The Paredes Sierra family were close to them. Evelyn, however, faced up to the presence of her mother in the brothel in her own way. “Mum stayed with me and Pilar because she realized that we were transvestites and that we would never marry. She concluded, therefore, that we would never leave her.” Evelyn was often pointed out as someone who kept her distance from the other transvestites, but opened up to Errázuriz’s camera and in her chats with Donoso. “Before, we would receive here another sort of people, some really handsome men,” Evelyn says. “I used to wonder: why do they come here if they are so handsome? The truth is that everyone has their fantasies; no one is completely male. I asked them why they sought us out here, and they said they did this to deceive life. They look at the face of a woman, but know that, behind it, there is a man. They do not want to accept that, in truth, they like men.”
The relationship between the clients and the transvestites in those brothels was also explained by Andrea Polpaico: “It isn’t good working alongside female prostitutes. They laugh at us, and it puts the clients off,” said Andrea. “Of course, a woman is no match for a transvestite, because we have a better idea about what to do in bed. Some men have told me that women do not have any glow. They seek us out because we have more imagination. When I make love, I am totally perverted.” Polpaico’s photographs, along with those taken by Errázuriz inside the La Jaula brothel in Talca, were not included in the first edition of the book. It would have been too expensive to print those happy images, in which the subjects were preparing for the night ahead, dancing, posing, and amusing the clients in the midst of smiles, drinks, or card games, in color. “The reason why I took the colored photographs is simple,” says Paz. “I didn’t have enough black and white film. At the time, it was difficult to obtain photographic material. That color film had been given to us, members of AFI, by foreign photographers who came to Chile to cover the political protests. I had to use flash because of the situation: the small cubicles were poorly illuminated. The brothel was a simple place. In the second edition of the book, I included the color photographs and some more black and white images because I was free to produce a more complete work, with texts such as those by the essayist Juan Pablo Sutherland and a special chronicle by Pedro Lemebel.”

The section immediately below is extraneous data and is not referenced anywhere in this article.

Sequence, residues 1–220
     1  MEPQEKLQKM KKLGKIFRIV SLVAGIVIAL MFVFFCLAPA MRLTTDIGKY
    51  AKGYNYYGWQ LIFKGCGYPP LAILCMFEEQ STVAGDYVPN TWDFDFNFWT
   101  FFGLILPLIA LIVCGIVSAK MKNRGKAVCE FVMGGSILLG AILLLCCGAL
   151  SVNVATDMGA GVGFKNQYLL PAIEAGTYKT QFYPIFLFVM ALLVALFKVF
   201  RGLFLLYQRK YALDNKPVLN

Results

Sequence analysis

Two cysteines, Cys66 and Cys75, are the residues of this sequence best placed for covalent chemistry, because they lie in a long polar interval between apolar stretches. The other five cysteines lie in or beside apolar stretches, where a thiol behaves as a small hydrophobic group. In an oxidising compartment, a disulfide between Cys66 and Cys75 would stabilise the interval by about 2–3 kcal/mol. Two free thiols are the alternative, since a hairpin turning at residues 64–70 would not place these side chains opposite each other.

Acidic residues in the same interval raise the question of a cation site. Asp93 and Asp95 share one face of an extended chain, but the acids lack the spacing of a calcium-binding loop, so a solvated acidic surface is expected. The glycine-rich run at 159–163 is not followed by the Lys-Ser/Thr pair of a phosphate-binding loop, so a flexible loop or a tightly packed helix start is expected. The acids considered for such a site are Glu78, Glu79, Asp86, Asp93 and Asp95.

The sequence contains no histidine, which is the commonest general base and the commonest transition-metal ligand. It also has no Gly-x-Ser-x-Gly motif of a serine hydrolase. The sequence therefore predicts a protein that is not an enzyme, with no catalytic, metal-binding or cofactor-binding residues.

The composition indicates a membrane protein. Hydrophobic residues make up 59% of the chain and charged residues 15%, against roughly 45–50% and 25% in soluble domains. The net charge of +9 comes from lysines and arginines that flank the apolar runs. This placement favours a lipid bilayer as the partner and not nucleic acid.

Paz is researching transsexual children for a future project. “I don’t know yet how I will approach the subject, because necessarily I will have to adapt myself to conditions I don’t know or handle well. It is a phase of study and getting closer.” Again, the children say something to her restless soul. Errázuriz’s first camera, an Exakta, came from Germany so that she could photograph her experience in Cambridge, especially the teaching techniques used with children. After the birth of her first daughter, she also wanted to photograph her, along with the other babies in St Mary’s Hospital. However, at that time, her world was that of her husband, who was immersed in academic life and politics, and she gave up on the project.
Her intuition for the future always centered on art, which she had passionately wanted to study in her youth, but from which she was prevented by her father. She began to study philosophy because she thought that studying psychology was not an option for a professional career in the society of at that time in conservative Chile, which did not accept women psychologists. Paz lived under the restrictions which were, little by little, overcome by her, as a sort of constant aim.
This important contemporary observer of the human figure keeps only one photograph from her childhood. Her father had a camera, but only enlarged part of the photographs. “The only photograph of me that he kept was that of my first communion. The image, however, is not complete. It was taken in such a way that my head was cut off above my mouth.” A reason, perhaps, to look for the face that was hers, in others. ///